Bruce Adgate, Spoleto, Italy
From: Patricia Littlefield (palquilts yahoo.com)
Wiki-wiki in Hawaiian means the same as chop-chop in pidgin Chinese. The bus that takes passengers to the different air terminals at the Honolulu Airport is known as the Wiki-Wiki Bus.
Patricia Littlefield, Newcastle, California
From: Mikhail Horowitz (horowitz bard.edu)
You cite 1967 as the earliest documented use of yada yada. Yet Lenny Bruce, who died in 1966, used the phrase in one of his satiric routines (video), although admittedly in a different sense from "and so on". The routine concerns a jailhouse riot, which is instigated by prisoners banging on their plates in the mess hall and yelling 'yada-yada-yada! Yada-yada-yada!" Bruce was apparently trying to simulate the angry muttering of inmates in an old James Cagney or Edward G. Robinson movie? Don't know the exact source.
Mikhail Horowitz, Saugerties, New York
From: Bartlett (via Wordsmith Talk forum)
When I retire (someday) I have long planned to take a world tour of places with two names the same! Walla-Walla as you noted in the introduction to this week's theme, and also: Baden Baden, Bora Bora, Pago Pago, Ubu Ubu, Paw Paw, New York, New York, Bella Bella, and Wagga Wagga, just to name a few.
Itinerary suggestions gladly accepted!
From: Eleanor Jackson (elej mindspring.com)
A children's book, Double Trouble in Walla Walla by Andrew Clements, is a hilarious read replete with irrepressible and rhythmic reduplication throughout. I used to read it to my grandchildren amid uncontrollable giggling from all of us. Highly recommended fun for adults and kids!
And on another note, when I was a sorority pledge many years ago, we were required to memorize all the chapters and their locations. The easiest one of all was Gamma Gamma chapter in Walla Walla (Whitman College).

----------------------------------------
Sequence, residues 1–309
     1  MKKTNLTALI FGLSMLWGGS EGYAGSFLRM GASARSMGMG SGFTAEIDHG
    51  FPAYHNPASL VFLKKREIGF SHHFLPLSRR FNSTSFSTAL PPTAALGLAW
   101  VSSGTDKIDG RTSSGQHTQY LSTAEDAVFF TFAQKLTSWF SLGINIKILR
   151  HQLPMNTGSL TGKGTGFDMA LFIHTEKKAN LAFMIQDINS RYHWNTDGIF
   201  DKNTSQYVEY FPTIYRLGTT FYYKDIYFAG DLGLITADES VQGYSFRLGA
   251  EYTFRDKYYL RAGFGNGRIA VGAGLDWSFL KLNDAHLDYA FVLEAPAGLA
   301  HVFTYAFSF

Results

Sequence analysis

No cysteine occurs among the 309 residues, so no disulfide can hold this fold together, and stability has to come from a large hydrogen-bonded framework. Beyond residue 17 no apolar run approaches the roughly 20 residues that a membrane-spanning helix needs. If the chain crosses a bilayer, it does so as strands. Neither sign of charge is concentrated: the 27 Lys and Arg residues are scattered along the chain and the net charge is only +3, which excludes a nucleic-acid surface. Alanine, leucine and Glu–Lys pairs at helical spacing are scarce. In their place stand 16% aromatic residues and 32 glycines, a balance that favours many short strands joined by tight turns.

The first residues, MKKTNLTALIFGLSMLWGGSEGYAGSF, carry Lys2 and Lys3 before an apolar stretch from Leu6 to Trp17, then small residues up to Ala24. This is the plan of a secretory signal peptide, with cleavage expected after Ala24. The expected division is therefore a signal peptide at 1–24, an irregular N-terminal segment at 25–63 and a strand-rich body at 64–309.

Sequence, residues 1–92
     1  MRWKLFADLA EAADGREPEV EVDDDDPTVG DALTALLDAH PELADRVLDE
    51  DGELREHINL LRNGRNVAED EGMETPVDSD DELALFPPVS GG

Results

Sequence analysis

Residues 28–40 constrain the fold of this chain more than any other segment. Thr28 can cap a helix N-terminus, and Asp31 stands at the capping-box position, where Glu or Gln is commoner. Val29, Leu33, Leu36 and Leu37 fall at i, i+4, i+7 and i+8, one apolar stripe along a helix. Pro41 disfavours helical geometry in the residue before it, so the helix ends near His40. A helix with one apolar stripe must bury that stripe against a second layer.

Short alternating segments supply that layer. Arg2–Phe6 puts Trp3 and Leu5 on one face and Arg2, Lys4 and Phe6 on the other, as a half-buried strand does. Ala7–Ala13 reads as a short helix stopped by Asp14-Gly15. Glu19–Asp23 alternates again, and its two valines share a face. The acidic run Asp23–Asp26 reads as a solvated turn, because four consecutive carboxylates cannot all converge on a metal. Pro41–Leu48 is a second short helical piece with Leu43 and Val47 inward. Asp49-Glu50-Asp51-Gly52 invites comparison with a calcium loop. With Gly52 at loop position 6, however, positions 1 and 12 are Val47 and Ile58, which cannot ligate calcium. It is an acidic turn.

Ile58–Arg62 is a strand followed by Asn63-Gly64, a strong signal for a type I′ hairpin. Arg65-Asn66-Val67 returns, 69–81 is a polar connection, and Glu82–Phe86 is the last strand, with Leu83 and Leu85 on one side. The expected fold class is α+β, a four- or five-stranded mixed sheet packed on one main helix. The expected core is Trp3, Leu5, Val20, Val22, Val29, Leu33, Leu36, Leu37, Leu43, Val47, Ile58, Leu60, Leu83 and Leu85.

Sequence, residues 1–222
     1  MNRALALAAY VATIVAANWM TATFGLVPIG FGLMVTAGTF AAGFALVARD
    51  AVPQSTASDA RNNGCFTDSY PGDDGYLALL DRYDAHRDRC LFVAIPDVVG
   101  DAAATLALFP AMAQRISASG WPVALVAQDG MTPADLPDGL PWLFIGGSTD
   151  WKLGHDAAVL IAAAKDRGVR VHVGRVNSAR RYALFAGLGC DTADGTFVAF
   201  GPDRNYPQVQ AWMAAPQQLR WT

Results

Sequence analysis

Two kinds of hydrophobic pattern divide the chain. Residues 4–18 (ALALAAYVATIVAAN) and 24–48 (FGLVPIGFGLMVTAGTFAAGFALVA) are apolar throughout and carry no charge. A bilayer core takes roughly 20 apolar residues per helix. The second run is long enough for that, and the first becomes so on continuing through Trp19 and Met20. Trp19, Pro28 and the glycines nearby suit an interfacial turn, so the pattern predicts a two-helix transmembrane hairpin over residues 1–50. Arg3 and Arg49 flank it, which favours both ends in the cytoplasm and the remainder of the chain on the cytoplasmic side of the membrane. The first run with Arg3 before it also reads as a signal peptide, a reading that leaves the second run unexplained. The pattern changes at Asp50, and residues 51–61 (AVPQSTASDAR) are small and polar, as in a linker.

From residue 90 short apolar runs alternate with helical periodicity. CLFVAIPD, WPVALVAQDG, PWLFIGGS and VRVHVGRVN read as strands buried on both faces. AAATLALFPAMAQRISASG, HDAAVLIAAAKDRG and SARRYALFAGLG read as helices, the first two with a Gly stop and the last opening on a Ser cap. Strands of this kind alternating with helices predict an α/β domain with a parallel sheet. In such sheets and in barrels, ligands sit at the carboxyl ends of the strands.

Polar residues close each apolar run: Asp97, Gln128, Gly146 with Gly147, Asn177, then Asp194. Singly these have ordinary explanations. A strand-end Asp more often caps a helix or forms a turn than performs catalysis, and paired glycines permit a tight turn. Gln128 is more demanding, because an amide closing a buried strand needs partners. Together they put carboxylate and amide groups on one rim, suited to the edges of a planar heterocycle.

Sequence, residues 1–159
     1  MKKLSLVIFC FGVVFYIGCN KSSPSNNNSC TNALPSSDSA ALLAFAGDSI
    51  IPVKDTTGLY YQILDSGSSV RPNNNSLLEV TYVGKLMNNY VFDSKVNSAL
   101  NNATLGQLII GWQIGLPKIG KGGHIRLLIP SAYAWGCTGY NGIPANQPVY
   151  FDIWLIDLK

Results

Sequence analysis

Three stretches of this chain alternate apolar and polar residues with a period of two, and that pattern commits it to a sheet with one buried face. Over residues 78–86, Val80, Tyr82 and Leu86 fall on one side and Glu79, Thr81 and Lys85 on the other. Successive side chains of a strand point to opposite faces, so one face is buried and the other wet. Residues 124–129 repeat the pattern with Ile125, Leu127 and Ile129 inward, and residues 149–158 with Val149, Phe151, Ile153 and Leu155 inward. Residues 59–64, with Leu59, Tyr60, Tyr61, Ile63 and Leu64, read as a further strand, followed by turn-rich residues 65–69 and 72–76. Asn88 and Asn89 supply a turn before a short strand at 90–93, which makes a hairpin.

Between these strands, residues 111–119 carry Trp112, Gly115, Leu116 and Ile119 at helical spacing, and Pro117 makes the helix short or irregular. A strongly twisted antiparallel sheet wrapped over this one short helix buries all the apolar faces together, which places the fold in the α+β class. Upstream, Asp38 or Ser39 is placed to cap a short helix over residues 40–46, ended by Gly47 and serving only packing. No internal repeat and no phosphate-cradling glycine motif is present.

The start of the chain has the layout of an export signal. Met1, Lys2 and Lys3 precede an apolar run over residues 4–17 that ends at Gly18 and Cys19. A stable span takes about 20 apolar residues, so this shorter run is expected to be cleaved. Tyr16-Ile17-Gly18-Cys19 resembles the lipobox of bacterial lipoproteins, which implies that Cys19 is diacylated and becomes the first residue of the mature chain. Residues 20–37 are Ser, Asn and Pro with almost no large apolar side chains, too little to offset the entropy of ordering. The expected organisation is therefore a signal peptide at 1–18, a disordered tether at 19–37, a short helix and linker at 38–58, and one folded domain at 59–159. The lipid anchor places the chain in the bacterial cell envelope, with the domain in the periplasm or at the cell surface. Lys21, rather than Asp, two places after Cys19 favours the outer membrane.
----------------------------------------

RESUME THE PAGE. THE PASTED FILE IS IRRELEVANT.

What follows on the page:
Eleanor Jackson, Gainesville, Georgia
From: Avis O. Gachet (agachet earthlink.net)
Learning of reduplicatives today was positively thrilling. In 1955, in my first year of teaching 9th graders, I used the word "mumbo-jumbo", and the class practically fell apart. They loved the sound of the word, particularly when they learned what it meant. I used others as time went on.
I thought that such constructions should have a name, but only found out today what it was and that there were three kinds -- repetitive, alliterative, and rhyming.
How I would have loved to have known that all those years ago and had the class come up with the ones that they knew -- and to classify them. To think -- it has only taken me 57 years to learn the name of such constructions!
Avis O. Gachet, Hickory, North Carolina
From: Chuck Domitrovich (chuck dtwdesigns.com)
In addition to Walla Walla, Washington state also has Hamma Hamma and Tumtum.
Chuck Domitrovich, Seattle, Washington
From: Tony Adams (pamandtony bigpond.com)
In NSW, Australia, we have a town called Wagga Wagga. In the local language Wagga means crows so the town name is many crows. In many Pacific islands there is often a word repetition but it does not mean a plural, eg salusalu, a necklace of flowers etc in Fijian.
Tony Adams, Hobart, Australia
From: Gene Oubre (ejoubre aep.com)
Luego in Spanish means later (hasta luego meaning until later), but when it is reduplicated, it takes on a different meaning of later, meaning more immediately, meaning "right away" or "just after".
Gene Oubre, Texarkana, Texas
From: David Amdal (amdal.david gmail.com)
The Indonesian language uses reduplication to indicate plurals. So one fish is ikan, two or more fish are ikan ikan. Usually printed ikan2 in newspapers, etc.
David Amdal, Seattle, Washington
From: Mark Stephens (markthesewords sbcglobal.net)
Just the other night I was channel surfing and came across the following scene from a movie that I had not been watching. A man and a woman sitting at a restaurant table. The woman, portraying the stereotypical dumb blonde, orders mahi-mahi, but adds, "But could I have just one mahi on the plate, please, since I'm not very hungry." I was disappointed that the waiter did not respond, "Okey dokey."
Mark Stephens, Hayward, California
A THOUGHT FOR TODAY:Language is the amber in which a thousand precious and subtle thoughts have been safely embedded and preserved. -Richard C. Trench, poet (1807-1886)